The KDE app (at least the panel version) does not steal focus. You are right that one must choose the characters beforehand with the KDE app, but I like that for this reason: I only have 12 special characters that I need to insert often (a few Greek letters plus infinity and degree signs, in engineering papers). With the KDE app I simply click on the character I want (always visible in the system tray) then middle click to paste that character where I want it. It is very intuitive, and takes up only the space that I need it too. If I need more characters, then I can easily add them. However, in the rare instance that I need a character not from my predefined characters, then I do need another application. For now, that ‘other application’ is either the official unicode website or wikipedia.

  5. VideoInPicture said on September 6, 2008 at 9:41 pm

    It is possible to port Easy Unicode Paster to Linux since it is written in C# and uses the .Net Framework 2.0. The equivalent in Linux would be running the Mono framework. However, I would have to switch out the Windows specific Pinvoke functions to a Linux specific version. I’ll see if this can be done because I think it would also be useful for the Linux platform because:

    I have taken a look at the KDE character selector applet at and it suffers the same flaw that so many other character maps have. It requires you to select all your characters first and them copy them to the clipboard. Then, you have to paste them into your application. Why not just have one click for one character insertion into the application you are currently working with? It should be simple to insert a variety of unicode characters in a variety of places without excessive mouse clicks or paste commands. It also appears like it takes focus when used so you have to flip back and forth between your applications and KDE character selector.

  6. Dotan Cohen said on September 6, 2008 at 8:36 pm

    @Eric Wong:
    Sounds nice, Eric. I am a heavy user of the KDE character selector applet. Do you have a Linux version that I can try? If it’ better than the KDE built-in one then I’ll switch!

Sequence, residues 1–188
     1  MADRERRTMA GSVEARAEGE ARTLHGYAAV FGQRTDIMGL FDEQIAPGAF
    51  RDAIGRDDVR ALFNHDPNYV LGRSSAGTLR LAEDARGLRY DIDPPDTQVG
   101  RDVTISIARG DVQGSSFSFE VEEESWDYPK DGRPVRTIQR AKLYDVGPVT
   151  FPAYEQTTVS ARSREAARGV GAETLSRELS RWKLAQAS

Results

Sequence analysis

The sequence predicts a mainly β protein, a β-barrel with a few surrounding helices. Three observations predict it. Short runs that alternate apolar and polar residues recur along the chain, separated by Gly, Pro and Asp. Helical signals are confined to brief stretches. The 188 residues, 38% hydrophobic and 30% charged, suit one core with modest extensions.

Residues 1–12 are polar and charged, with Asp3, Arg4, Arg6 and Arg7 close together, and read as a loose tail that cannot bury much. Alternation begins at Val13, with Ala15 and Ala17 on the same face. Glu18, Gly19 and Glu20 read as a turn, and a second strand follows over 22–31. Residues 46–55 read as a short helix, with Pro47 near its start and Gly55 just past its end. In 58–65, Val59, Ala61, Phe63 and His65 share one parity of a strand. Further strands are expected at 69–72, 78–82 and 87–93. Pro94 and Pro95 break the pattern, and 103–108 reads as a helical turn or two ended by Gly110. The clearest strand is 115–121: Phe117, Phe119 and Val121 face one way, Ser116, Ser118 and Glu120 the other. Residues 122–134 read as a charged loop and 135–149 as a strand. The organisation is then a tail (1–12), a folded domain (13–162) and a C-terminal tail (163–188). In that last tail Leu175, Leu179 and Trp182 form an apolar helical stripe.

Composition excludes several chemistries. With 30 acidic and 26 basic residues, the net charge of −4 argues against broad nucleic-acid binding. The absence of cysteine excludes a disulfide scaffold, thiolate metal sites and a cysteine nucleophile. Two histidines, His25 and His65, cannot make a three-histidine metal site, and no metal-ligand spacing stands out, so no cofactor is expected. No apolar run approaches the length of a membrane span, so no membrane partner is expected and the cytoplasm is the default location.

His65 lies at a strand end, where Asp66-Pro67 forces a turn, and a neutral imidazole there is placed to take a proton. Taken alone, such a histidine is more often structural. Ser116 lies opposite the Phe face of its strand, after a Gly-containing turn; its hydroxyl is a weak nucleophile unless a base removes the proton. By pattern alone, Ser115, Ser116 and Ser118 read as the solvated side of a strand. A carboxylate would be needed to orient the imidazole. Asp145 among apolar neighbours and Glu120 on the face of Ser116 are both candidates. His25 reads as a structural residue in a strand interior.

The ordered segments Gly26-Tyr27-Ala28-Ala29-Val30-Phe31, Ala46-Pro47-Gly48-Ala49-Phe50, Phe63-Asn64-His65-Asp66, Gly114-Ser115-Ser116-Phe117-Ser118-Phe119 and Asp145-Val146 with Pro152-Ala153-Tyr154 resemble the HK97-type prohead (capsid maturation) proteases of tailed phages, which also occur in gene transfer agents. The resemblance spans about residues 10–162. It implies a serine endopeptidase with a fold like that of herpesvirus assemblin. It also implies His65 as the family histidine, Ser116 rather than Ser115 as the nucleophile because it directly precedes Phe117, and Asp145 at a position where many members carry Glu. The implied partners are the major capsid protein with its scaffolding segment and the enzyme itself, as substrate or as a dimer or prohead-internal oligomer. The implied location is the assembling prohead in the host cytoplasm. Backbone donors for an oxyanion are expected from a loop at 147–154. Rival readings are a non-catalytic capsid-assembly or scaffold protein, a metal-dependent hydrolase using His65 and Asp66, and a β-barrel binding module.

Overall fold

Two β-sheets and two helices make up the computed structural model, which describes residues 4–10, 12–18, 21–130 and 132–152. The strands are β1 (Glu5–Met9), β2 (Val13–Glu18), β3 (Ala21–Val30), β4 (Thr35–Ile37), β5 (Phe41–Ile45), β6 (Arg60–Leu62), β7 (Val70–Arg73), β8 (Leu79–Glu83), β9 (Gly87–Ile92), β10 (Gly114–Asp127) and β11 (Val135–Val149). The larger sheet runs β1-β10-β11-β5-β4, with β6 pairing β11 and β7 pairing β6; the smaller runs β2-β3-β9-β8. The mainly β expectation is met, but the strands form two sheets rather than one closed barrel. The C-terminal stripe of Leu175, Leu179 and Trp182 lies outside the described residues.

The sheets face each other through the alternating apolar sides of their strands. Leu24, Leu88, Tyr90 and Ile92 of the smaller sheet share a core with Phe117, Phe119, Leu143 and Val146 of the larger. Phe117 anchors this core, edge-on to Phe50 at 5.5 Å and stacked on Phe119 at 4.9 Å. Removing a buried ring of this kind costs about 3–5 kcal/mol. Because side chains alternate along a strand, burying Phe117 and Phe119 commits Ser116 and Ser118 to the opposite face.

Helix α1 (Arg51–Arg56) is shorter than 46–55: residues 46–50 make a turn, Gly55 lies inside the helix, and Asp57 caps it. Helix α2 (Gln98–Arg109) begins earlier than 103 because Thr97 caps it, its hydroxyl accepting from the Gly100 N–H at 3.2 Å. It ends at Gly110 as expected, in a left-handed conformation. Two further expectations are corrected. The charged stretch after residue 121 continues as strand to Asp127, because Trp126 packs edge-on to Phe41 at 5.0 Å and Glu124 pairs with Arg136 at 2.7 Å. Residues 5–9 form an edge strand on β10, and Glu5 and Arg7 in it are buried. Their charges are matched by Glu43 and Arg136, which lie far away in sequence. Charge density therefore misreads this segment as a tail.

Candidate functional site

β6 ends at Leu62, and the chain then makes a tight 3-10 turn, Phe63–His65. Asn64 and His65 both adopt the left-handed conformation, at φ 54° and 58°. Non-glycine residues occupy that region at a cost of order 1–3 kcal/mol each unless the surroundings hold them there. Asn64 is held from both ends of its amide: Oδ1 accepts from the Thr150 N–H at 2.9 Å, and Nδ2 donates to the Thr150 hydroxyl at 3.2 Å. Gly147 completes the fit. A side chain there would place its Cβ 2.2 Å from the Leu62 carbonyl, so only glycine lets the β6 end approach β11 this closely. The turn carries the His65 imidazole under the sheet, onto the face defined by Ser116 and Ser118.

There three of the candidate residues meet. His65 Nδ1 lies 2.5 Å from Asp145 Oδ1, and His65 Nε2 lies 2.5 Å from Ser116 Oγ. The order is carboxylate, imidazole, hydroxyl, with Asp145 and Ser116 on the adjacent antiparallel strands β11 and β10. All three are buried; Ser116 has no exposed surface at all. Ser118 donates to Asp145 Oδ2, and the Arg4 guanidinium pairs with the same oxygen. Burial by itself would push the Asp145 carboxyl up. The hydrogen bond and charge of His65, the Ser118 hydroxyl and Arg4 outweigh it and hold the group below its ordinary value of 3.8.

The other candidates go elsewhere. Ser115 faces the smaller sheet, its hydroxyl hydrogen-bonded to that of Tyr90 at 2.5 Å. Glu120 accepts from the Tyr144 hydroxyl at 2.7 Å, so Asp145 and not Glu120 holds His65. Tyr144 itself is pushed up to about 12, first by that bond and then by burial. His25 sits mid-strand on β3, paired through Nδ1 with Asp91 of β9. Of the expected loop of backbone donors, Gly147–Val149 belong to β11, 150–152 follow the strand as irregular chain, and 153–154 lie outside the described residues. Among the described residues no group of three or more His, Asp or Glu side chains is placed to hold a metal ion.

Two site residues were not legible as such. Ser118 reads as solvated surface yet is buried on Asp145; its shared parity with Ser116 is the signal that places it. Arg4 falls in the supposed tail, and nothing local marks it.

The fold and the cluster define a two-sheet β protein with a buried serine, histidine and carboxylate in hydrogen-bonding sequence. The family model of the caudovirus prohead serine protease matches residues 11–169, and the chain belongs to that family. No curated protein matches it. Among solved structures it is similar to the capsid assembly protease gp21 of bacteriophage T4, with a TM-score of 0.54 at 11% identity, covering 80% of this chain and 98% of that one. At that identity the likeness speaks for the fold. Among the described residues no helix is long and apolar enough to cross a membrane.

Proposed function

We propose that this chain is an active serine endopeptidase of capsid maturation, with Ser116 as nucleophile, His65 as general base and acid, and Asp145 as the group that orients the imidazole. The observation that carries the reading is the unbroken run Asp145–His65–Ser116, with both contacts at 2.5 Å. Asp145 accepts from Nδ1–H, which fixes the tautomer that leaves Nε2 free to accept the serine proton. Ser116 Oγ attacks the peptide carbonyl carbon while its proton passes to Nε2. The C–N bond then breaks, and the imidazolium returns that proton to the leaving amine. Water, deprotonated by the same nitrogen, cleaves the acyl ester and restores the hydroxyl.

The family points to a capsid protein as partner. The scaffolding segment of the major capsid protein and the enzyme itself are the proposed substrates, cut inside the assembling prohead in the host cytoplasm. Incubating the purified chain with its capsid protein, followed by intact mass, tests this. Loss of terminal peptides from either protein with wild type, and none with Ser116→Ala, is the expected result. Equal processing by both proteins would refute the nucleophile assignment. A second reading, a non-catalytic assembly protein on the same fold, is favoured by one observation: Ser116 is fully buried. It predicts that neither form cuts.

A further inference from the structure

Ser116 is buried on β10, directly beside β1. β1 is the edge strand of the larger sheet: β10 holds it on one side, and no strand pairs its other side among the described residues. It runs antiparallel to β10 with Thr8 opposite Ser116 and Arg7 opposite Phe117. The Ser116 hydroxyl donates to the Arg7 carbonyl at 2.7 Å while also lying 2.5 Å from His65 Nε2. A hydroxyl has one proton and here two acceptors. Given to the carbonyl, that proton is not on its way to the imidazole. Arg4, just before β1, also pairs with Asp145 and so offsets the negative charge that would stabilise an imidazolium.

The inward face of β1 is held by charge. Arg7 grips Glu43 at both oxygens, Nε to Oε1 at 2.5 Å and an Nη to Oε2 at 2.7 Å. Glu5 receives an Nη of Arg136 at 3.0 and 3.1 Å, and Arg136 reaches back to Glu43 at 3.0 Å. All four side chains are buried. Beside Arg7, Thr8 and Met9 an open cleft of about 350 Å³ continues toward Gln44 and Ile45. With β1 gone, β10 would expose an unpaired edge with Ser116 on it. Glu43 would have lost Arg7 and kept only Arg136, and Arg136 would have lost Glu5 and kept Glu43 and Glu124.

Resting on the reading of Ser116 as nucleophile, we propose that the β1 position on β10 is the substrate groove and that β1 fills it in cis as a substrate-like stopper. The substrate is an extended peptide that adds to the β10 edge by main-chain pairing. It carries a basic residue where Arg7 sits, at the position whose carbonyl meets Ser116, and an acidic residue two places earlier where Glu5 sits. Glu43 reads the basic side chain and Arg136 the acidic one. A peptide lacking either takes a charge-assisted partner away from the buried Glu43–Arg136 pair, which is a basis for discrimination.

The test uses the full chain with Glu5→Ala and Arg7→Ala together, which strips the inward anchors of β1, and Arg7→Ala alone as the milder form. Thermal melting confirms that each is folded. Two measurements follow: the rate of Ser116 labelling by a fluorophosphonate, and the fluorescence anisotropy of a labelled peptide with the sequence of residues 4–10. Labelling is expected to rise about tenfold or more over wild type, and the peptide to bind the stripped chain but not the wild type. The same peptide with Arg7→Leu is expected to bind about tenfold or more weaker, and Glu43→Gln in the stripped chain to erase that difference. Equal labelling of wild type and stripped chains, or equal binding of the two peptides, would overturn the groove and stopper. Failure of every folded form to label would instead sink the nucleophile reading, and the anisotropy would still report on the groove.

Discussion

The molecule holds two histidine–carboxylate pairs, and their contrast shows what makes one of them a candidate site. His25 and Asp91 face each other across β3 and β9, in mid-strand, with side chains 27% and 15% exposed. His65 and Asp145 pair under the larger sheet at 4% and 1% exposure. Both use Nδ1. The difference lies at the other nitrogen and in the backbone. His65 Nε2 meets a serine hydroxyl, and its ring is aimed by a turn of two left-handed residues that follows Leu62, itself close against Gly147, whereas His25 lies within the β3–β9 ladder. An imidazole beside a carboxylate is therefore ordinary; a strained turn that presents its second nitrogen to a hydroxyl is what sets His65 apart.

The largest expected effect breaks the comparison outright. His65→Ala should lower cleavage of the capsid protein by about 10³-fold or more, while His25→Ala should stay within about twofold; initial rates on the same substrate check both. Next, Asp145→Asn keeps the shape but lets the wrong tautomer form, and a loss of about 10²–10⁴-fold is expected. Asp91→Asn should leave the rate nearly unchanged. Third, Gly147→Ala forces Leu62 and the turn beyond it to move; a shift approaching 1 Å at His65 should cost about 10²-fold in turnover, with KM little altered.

7. VideoInPicture said on September 6, 2008 at 6:53 pm

    You should try Easy Unicode Paster out before comparing it to other character maps out there because most others require to make your selection and click another button to insert or copy it to the clipboard and then require you to flip back to what you are working with to insert it. Easy Unicode Paster doesn’t require you to do this. It is just one click for one character insertion into what ever application currently has focus. There is no flipping back and forth between programs because it won’t take focus when used to insert a character.

    It is the easiest to use character map out there and I have tried the one in Open Office too. The problem with Open Office’s character map is that it is unusable for inserting many different unicode characters interspersed throughtout a regular document. Easy Unicode Paster is much easier to use and is more productive.

    Eric Wong
    Easy Unicode Paster Author

  8. Dotan Cohen said on September 6, 2008 at 1:07 pm

    No, I did not notice. I am aware that ‘most’ people do not use KDE, but the point that I was making is that this is a standard feature for at least some user environments. I would expect the default Windows environment would have this basic feature.

    Regarding Open Office, from my experience ‘most’ people do in fact use it. I do not know many people who still use MS Office or any other office suit. Before MSO 2007 I would have argued that document compatibility would be the only compelling reason to still use MSO. However, today even that is not a valid argument.

  9. Thinker said on September 6, 2008 at 10:42 am

    Dotan Cohen:
    If you didn’t notice, most people don’t use KDE, and don’t use crappy Open Office.

  10. Dotan Cohen said on September 6, 2008 at 9:27 am

    Is this really necessary? KDE comes with this built-in, and it can even sit in the system tray with with your X most used characters available (X is configurable by the user). Furthermore, Open Office comes with a Special Characters dialog built right into the software.

Leave a Reply

Check the box to consent to your data being stored in line with the guidelines set out in our privacy policy

We love comments and welcome thoughtful and civilized discussion. Rudeness and personal attacks will not be tolerated. Please stay on-topic.
Please note that your comment may not appear immediately after you post it.